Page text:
Tennis Elbow and Shockwave Therapy (ESWT)
Tennis Elbow, medically termed as Lateral Epicondylitis, is a condition that causes pain around the elbow. It occurs when the tendons of the elbow are overloaded, as a result of sporting activities and occupations involving the wrist and the arm. As the name suggests tennis elbow is associated with racket sports such as tennis and squash, and is also frequently seen in carpenters, plumbers, butchers, painters and decorators and so forth. It is a relatively common disorder that generally affects women more than men, typically those between the ages of 30 and 50 years. It frequently occurs because of overuse, however, some people may have a greater disposition of acquiring tennis elbow due to pre-existing structural problems of the tendon or due to poor technique during activities such as racket sports, for example.
Tennis elbow can cause great discomfort and interrupt daily activities and routines. The most commonly cited symptoms are usually described as pain on the outside of the elbow, where the tendons attach to the bony elbow lump of the forearm, and in some cases, pain may radiate further down the arm, extending to the wrist and the forearm.
Tennis elbow typically presents in the dominant arm and is exacerbated during movement that involves gripping, lifting, and twisting and bending or extending the arm. This disorder can last a long time, anything from 6 months to 2 years and symptoms can vary in severity.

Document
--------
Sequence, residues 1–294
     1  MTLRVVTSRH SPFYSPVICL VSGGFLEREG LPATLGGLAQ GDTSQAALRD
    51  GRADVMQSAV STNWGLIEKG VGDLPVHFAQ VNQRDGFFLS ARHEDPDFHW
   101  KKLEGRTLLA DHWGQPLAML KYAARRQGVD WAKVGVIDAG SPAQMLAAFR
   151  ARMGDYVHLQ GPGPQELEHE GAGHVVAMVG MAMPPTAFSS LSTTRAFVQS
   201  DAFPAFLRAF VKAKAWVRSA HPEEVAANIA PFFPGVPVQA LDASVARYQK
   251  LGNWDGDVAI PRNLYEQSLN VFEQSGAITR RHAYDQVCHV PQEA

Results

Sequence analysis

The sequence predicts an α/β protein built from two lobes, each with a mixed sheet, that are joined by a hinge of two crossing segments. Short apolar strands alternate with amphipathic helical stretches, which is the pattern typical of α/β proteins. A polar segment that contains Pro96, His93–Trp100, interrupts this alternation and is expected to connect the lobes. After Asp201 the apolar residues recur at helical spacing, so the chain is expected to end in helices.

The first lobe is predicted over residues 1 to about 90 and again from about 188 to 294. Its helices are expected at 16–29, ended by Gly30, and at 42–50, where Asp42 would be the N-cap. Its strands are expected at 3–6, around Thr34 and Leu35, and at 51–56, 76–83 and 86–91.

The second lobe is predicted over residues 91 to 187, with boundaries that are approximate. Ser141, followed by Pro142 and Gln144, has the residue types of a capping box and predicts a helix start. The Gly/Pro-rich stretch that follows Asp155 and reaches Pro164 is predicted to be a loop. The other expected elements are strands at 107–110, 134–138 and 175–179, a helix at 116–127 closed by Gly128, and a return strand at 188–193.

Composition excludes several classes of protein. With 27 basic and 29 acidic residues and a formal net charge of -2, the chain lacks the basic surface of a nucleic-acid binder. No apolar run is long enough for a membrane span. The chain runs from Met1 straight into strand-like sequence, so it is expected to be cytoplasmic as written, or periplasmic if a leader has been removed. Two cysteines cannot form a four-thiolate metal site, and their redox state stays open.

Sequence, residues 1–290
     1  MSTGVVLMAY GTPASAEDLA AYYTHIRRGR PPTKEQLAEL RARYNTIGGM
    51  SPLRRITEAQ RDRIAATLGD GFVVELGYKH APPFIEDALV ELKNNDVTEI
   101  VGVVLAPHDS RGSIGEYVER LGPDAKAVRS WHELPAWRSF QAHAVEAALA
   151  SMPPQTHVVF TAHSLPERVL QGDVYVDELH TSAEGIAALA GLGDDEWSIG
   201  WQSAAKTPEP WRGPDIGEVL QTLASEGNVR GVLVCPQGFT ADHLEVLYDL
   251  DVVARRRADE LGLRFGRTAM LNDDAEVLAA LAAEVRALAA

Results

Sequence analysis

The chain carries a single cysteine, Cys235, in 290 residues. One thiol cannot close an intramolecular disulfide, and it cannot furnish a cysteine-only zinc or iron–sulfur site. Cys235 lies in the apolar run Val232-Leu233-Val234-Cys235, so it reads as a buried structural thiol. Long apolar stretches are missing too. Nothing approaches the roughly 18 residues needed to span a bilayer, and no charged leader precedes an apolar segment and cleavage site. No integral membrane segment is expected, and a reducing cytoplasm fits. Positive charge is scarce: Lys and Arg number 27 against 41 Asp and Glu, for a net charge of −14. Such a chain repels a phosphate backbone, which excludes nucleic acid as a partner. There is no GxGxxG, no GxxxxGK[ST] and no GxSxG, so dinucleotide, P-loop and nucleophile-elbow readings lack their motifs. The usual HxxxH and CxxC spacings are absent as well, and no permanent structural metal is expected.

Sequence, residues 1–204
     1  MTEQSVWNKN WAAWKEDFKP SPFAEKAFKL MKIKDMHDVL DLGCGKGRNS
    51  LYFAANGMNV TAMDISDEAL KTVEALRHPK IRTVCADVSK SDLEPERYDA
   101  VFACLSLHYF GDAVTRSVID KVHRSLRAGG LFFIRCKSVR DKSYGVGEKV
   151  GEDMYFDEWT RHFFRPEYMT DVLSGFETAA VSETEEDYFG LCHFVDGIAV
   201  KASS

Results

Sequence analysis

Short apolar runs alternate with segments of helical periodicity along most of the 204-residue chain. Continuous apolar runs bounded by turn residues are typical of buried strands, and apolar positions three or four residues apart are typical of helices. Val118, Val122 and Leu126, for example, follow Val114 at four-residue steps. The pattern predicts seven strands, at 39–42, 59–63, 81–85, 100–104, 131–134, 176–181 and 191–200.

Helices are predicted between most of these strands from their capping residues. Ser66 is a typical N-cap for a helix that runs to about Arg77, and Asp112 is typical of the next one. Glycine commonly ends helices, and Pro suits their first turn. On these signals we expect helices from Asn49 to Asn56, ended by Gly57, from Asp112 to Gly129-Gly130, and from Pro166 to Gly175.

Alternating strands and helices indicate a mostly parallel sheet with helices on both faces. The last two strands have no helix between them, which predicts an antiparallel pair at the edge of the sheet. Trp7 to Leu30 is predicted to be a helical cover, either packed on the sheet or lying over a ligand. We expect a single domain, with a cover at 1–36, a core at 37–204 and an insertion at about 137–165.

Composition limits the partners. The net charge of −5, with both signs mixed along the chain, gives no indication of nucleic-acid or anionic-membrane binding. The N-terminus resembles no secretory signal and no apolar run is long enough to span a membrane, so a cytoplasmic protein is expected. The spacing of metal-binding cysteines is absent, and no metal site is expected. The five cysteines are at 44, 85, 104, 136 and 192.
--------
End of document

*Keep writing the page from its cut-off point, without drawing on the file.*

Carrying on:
Diagnosis will include a physical examination by your GP or a physiotherapist, they may ask you to perform specific movements. Sometimes X-Ray or other diagnostic imaging may be required to rule out any other types of disorder.
An effective treatment plan is important in the management of tennis elbow with conservative treatment methods usually recommended initially. This includes initial rest from any aggravating activities, over the counter pain killers (if necessary) and targeted physiotherapy including specific exercises, hands-on manipulation if required, and shockwave treatment.
Surgery is generally only recommended in extreme cases, as a last resort to remove the damaged part of the tendon.
What Is Shockwave Therapy and How Can It Help?
Shockwave therapy has proven to be a highly effective form of treatment for a wide range of tendinopathies including tennis elbow, and as a result is becoming an increasingly popular treatment method amongst physiotherapists and medical practitioners.
This non-invasive type of treatment uses acoustic pressure to reduce pain, this is achieved by delivering impulses of energy which target the damaged tissue within the tendon, helping to increase the blood flow to the affected area and to stimulate cell regeneration by reactivating the healing process.
What To Expect During Shockwave Therapy Treatment
During treatment for tennis elbow, a probe will be directed to the affected area and shockwaves delivered through the skin, this essentially causes deliberate damage to the injured tissues and prompts the body to increase blood circulation and to reinitiate the healing process. Some people experience some mild discomfort during treatment, but this should gradually ease.
It can take several sessions to see an improvement in the symptoms, on average most people require approximately 12 weeks of treatment, which will include a combination of shockwave therapy and physiotherapy to improve symptoms.
Our highly experienced team of physiotherapists use research-proven techniques including shockwave therapy, to treat tennis elbow and numerous other disorders. For more information on our treatments and physiotherapy related services, get in touch today.